The Labour leader, Jeremy Corbyn, will change the direction of his party after suffering a setback on Sunday after delegates at the party’s annual conference rejected his plan to debate the abolition of Trident, the UK’s nuclear weapons program.
Mr. Corbyn consistently pledged during the recent leadership contest that he would oppose the renewal of Trident, and had hoped that the Labour Party conference would vote on the issue this week. Appearing on the Andrew Marr Show yesterday, he spoke of his desire to persuade his party that disarmament was both desirable and a legal obligation. He also made clear that his plan for Trident would see the money saved by its abolition ring-fenced for engineering projects, so that no jobs would be lost if his policy is implemented.
Unfortunately for the Labour leader, conference members voted against him, with just 7.1 per cent of party members in favour of his proposal to add a debate on the issue to the conference agenda. Mr. Corbyn has consistently sought to gain the support of his MPs by citing his mandate, which comes from party members; that so many of them voted against one of his flagship policies will therefore be particularly embarrassing to him. However, a source told The Guardian that the result was a victory for the leader’s plan to make policy-making within the party more democratic. “Jeremy’s strategy is to allow open debate and delegates have decided to debate important issues like the refugee crisis and housing”, they said. However, few will see it that way, and the defeat brought the issue centre stage, allowing the Conservative Cabinet minister, Chris Grayling, to write in The Daily Telegraph that Mr. Corbyn’s anti-nuclear views showed that he was not fit to be Prime Minister.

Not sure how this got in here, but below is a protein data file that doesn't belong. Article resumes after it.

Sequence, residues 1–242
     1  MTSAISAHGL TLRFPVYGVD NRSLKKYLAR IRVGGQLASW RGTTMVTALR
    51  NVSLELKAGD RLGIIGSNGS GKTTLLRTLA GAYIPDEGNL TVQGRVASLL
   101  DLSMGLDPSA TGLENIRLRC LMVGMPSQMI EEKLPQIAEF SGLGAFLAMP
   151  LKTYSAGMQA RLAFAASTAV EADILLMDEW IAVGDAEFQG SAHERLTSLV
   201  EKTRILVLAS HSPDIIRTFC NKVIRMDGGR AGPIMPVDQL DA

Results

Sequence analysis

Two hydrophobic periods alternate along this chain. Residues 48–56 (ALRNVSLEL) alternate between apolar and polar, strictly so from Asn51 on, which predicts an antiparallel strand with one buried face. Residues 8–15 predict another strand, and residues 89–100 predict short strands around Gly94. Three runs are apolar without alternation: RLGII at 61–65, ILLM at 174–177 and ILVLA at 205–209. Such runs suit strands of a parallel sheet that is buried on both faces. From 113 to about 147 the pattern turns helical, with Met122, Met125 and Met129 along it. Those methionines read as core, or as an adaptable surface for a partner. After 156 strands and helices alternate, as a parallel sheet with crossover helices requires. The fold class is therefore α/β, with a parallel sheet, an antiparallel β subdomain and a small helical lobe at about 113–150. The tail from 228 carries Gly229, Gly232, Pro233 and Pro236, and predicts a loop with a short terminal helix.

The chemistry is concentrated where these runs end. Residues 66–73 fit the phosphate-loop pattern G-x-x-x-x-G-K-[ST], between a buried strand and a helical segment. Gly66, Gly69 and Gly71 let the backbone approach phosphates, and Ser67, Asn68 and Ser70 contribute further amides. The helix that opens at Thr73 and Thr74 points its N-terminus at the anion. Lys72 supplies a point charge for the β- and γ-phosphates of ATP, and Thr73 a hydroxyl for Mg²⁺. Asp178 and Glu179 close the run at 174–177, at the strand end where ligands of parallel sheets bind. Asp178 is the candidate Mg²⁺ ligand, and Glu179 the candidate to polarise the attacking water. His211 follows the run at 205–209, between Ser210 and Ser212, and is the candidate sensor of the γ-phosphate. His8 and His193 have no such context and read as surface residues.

The issue of the UK’s nuclear deterrent is expected to lay bare the divisions within Labour, which has been consistently pro-Trident since the election of Tony Blair as party leader in 1994. Lord Falconer of Thoroton, who served in Mr. Blair’s Cabinet, expressed his unease with Mr. Corbyn’s stance during an interview with The Daily Telegraph at the weekend. The peer, who is currently the Shadow Justice Secretary, made clear that there could be no half-measures on Trident, calling it “a binary issue”, and making clear that he would likely resign from his post if there was a policy change.Hillary Benn, the Shadow Foreign Secretary, and Tom Watson, who himself was recently elected as Deputy Leader, are also firmly in favour of maintaining the party’s support for Trident.
Most of the Shadow Cabinet is believed be pro-Trident, and the proposed renewal is supported by a majority of Labour MPs. After yesterday’s vote, the renewal of Trident is likely to remain official Labour Party policy for the foreseeable future. It now seems clear that Mr. Corbyn faces an uphill battle to change that.